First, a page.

Nebraskans gathered in downtown Lincoln in October 1923 for a ceremony that was part celebration and part solemn remembrance to dedicate Memorial Stadium on the University of Nebraska campus.
The gathering honored the nearly 48,000 Nebraska men and women who served in World War I. Above all, the event showed reverence for the more than 1,500 Nebraskans who lost their lives in the war, which had ended five years before.
The call to build the stadium arose after Roscoe “Dusty” Rhodes, captain-elect of the University of Nebraska football team, was killed in combat in France in 1918. The $450,000 construction cost was covered by pledges from boosters, alumni, staff and students.
It’s fitting, on this Memorial Day, to look back at the Midlands’ experience during World War I, since this year marks the centennial of America’s entry into the conflict in April 1917.
The 1914-18 war on European battlefields produced war deaths on an unprecedented scale. Over the course of the war, “10 million soldiers died in mud-ditches and no-mans-land,” writes Michael Vlahos, a professor at the U.S. Naval War College.
U.S. forces under the command of Gen. John J. Pershing — who taught at NU in the 1890s and held a law degree from the Lincoln campus — began to arrive in force on the European continent in 1918.
Nebraska provided nearly 48,000 troops; Iowa, 99,000. Omaha ranked No. 2 nationally among American cities for armed forces enlistments relative to population, The World-Herald’s David Hendee has reported.
The first major campaign under Pershing was the Battle of St. Mihiel, in which more than 500,000 U.S. troops attacked a 30-mile-wide German position in northeastern France. It was the largest U.S. military undertaking up to that point, marked the first use of the term “D-Day” to designate a major operation and boosted the U.S. Army’s reputation among the Allies.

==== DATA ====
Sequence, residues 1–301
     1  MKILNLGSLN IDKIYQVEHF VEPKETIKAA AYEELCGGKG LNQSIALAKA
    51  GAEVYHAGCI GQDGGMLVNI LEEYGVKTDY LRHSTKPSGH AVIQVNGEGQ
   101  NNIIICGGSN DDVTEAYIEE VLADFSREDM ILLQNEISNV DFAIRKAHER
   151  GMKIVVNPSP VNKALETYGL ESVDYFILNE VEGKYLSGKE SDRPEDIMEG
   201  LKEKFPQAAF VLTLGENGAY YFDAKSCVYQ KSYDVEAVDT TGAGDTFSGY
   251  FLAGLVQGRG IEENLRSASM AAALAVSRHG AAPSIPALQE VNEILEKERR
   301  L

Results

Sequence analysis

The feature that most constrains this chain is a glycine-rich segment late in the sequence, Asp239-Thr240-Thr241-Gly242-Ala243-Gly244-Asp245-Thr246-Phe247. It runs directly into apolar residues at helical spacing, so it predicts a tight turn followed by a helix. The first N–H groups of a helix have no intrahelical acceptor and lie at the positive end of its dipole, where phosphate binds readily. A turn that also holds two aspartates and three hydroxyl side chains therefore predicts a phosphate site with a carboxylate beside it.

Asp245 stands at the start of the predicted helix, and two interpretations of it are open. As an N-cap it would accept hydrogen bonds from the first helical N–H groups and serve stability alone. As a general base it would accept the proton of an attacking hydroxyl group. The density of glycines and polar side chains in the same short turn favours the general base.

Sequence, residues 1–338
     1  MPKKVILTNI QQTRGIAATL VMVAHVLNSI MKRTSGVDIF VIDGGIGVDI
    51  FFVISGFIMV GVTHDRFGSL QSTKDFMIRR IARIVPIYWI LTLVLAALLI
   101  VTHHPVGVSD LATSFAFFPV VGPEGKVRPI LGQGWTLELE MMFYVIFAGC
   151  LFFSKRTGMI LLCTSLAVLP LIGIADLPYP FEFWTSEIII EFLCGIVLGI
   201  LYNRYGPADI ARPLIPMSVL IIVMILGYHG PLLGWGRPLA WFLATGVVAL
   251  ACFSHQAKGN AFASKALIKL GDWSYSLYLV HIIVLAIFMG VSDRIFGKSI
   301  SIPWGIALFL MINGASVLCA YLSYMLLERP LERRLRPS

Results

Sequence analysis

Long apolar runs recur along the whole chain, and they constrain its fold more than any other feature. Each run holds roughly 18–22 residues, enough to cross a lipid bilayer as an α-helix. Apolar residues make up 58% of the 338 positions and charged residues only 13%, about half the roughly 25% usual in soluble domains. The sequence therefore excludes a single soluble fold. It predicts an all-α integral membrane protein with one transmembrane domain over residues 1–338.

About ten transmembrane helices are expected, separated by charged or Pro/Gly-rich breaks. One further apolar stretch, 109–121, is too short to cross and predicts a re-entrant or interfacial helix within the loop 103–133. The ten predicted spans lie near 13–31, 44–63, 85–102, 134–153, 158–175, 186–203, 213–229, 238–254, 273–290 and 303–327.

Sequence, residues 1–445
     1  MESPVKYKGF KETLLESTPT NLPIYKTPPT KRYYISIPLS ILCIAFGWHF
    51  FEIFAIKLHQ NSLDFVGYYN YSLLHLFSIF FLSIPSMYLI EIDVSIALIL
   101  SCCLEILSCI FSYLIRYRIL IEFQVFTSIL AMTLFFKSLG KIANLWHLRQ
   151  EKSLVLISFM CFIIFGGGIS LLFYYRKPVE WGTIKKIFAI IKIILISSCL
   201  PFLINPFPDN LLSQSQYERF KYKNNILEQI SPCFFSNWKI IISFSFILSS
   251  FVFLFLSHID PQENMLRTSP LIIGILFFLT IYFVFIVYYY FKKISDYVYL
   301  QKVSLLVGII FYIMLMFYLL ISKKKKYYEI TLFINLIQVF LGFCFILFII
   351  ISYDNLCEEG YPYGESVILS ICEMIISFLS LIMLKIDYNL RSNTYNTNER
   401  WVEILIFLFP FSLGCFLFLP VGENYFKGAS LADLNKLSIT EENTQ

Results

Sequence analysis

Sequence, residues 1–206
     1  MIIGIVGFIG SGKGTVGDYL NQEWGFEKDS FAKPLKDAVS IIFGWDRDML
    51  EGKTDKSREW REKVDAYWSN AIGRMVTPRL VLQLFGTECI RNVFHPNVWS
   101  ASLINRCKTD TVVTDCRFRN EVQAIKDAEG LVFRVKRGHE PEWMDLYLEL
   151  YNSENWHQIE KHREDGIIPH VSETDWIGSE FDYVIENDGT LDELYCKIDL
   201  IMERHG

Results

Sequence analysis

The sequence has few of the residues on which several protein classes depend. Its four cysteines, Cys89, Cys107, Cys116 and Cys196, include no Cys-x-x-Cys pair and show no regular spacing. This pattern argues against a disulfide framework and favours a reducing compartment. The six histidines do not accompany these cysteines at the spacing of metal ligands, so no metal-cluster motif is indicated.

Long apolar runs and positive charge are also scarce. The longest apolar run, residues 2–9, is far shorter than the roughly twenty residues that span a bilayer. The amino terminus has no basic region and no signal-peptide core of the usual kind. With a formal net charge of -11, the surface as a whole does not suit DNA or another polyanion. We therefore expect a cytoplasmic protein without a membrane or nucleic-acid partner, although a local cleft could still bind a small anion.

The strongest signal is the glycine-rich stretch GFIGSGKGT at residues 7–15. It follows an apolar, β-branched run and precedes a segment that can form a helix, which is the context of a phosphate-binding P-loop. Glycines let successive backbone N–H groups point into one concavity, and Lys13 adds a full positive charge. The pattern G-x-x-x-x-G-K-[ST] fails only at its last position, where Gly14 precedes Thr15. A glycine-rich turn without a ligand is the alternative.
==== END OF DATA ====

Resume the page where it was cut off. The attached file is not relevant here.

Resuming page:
Among the Midlanders who perished:
» Army First Lt. Jarvis Offutt. This native Omahan, who attended Central High School and graduated from Yale University, flew planes from British factories to the front in France almost daily. He died in an Aug. 18, 1918, crash in France. Offutt Air Force Base takes its name from this Nebraskan.
» Merle Hay. A native of Glidden, Iowa, he was the first Iowan to die in combat in World War I, killed in November 1917 with the 16th Infantry.
» Marion Crandell. This Cedar Rapids, Iowa, native was the first American woman killed in active service in the war. She graduated from Omaha High School (later Central High) in 1889, studied at Sorbonne University in Paris and taught French in Davenport, Iowa. She left for France in January 1918 to aid French soldiers and died two months later when a German artillery struck the hostel where she worked in a YMCA canteen.
U.S. war dead in World War I ultimately exceeded 116,000, including more than 1,500 Nebraskans and more than 3,500 Iowans.
On the northeast corner of Memorial Stadium is the commemorative wording written by NU philosophy professor Hartley Burr Alexander:
Their Lives they held their Country’s Trust: They kept its Faith: They died its Heroes
A fitting salute, etched in stone, for the fallen of World War I.